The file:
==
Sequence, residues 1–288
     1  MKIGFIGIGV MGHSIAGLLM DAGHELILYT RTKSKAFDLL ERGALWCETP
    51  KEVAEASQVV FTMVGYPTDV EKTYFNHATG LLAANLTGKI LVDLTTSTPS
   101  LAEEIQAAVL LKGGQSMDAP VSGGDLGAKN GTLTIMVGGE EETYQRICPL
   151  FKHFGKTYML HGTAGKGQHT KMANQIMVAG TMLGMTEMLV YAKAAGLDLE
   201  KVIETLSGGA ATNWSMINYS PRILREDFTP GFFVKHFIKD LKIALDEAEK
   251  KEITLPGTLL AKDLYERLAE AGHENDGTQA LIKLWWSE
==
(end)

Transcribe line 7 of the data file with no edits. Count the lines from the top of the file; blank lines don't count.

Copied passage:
   251  KEITLPGTLL AKDLYERLAE AGHENDGTQA LIKLWWSE